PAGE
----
Zsófia Nagy - Interview



I am Hungarian from Slovakia and I studied law in Bratislava in Slovak. I did not break away from my Hungarian roots, as I was a student in the Hungarian college for advanced studies in Bratislava. Here we had a student council, organised all kinds of performances, programmes and built an audience. I was also involved in another student club, so I stayed close to my roots.

How did you learn about the Junior Programme?

My PhD supervisor, the associate professor, recommended me for the programme. I didn't know what to expect, but I jumped at the chance because I love studying and Budapest was attractive, as I have friends here and the city itself is a metropolis.
I wanted to build the kind of community here that was important to me, and I also wanted to work with as many people as possible professionally, which meant a lot to me from the beginning.

In what area of law have you gained experience so far?

In Bratislava, I worked on European law. I wrote my master thesis on home births, on the topic of medical law, which I also carried forward. I didn't expect home birth to be such a hot topic, but I gave a presentation at the college for advanced studies, and I also held a presentation on the subject at a Hungarian student festival in the Highlands, with a doula, a health worker, and a lawyer, and I got very positive feedback.

How was the application process?

It was not difficult, on the contrary. My Hungarian mentor helped me a lot. We often talked on the phone and if I had any questions, I could write to him. He gave me advice and helped me with what to put in my motivation letter, etc. That's how I submitted my material. I was nervous about the oral interview, I tried to be professionally well prepared, and I noticed that they were especially happy that I included my personal opinion. They also asked me what I thought my professional future would be like, my life in Budapest... I only had to be myself.

Did you have any concerns or worries beforehand?

Indeed, I did. I didn't know what this academic environment would be like. As a first year PhD student, I wasn't sure if I was adequately prepared for the challenges ahead, if I could learn the required literature, and frankly I had never written articles on academic topics before... And I didn't know if I was qualified for this step. But the environment was very welcoming, and I was reassured that we were here to learn and grow (including, for example, learning to publish well), and that we would be supported every step of the way. There is no need to be afraid of making mistakes.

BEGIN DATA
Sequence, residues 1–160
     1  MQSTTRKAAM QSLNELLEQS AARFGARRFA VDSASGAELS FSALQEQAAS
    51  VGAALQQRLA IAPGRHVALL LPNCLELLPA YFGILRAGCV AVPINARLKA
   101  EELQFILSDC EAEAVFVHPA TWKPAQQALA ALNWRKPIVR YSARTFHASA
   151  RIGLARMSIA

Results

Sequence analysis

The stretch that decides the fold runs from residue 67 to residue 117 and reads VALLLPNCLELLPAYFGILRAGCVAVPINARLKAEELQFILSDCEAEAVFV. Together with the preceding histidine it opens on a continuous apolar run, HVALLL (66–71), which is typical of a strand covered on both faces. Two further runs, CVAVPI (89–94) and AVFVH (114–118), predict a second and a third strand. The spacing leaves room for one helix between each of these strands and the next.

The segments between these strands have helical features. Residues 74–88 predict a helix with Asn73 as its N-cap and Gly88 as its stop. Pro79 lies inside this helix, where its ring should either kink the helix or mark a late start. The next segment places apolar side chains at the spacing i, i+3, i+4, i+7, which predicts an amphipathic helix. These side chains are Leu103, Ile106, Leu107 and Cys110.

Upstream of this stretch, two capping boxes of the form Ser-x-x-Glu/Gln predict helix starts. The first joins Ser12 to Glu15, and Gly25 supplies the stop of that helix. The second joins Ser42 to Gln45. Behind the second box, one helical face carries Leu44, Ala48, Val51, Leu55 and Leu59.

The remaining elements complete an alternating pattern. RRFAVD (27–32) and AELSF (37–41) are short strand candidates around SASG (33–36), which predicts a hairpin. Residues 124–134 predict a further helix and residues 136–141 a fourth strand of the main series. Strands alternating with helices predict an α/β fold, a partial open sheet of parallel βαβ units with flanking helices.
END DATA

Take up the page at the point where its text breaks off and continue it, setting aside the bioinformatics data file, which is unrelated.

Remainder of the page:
What is it like to live in Budapest?

It was very easy for me, because I already had acquaintances here, so I moved in with my friends from home (the Highlands) in Budapest. We searched for an apartment on the internet and found one easily. Now I'm going to move, but it won't be difficult because I'm moving in with a colleague. If you need help, even the CEA is happy to give it to you.
I really like the city. Bratislava is a small capital, while Budapest offers a wide range of opportunities. I try to make the most of the city, but honestly, just walking to the CEA and enjoying the buildings and the atmosphere is a great experience. If I want quiet, I go home, but I like the hustle and bustle.

Do you have any specific academic goals?

I'm not sure yet, because I’m quite an open-minded person, and I’m interested in a lot of things. On the one hand, being a lawyer seems very exciting, so I'm interested in that. On the other hand, now that I'm immersed in the world of CEA, I also feel that the pedagogical direction could be a good one and I would stay in this academic environment. The interaction between students and professors is also attractive, there are a lot of collaborations and interesting research. I haven't given up being a lawyer yet, but the Junior Programme has certainly given me an insight along which I could also imagine my future professional life.

How does CEA support you in achieving your goals?

We are given a lot of freedom, and individual wishes and goals are absolutely taken into account. There are always different research working groups and I can imagine being involved in the family law or health law platform. There is a lot of cross-cutting areas, so we also meet professors from different disciplines who are very willing to help.
They give us a lot of space to focus on our own area, and they also support us in connecting with universities abroad.

To whom would you recommend the CEA Junior Programme?

Anyone who is eager to learn, loves to read, research, and perform. The program can be an important step in building an academic career, with serious and useful steps for professional advancement.
If someone feels open to new things and challenges, and would like to extend their student life, I can fully recommend the programme.

Would you change anything?

I can't really think of anything I would. What might have been a bit more difficult from an administrative point of view – because the institute is still new – has also changed in the meantime.

What has been your best experience so far?

I have so much on my mind right now, it's hard to answer. I am a community person, so the working community means a lot to me. I think the recent open day was a defining experience, where we introduced the institute and our tasks to interested juniors. We received very good feedback on what a charismatic team we are, and this was of course an important confirmation. We are not only colleagues, but also friends, and this was also evident to the strangers at the Open Day.

What message would you like to send to the prospective juniors?

Don't be afraid to ask questions because you will always get an answer. It's a very cool and tolerant environment here!

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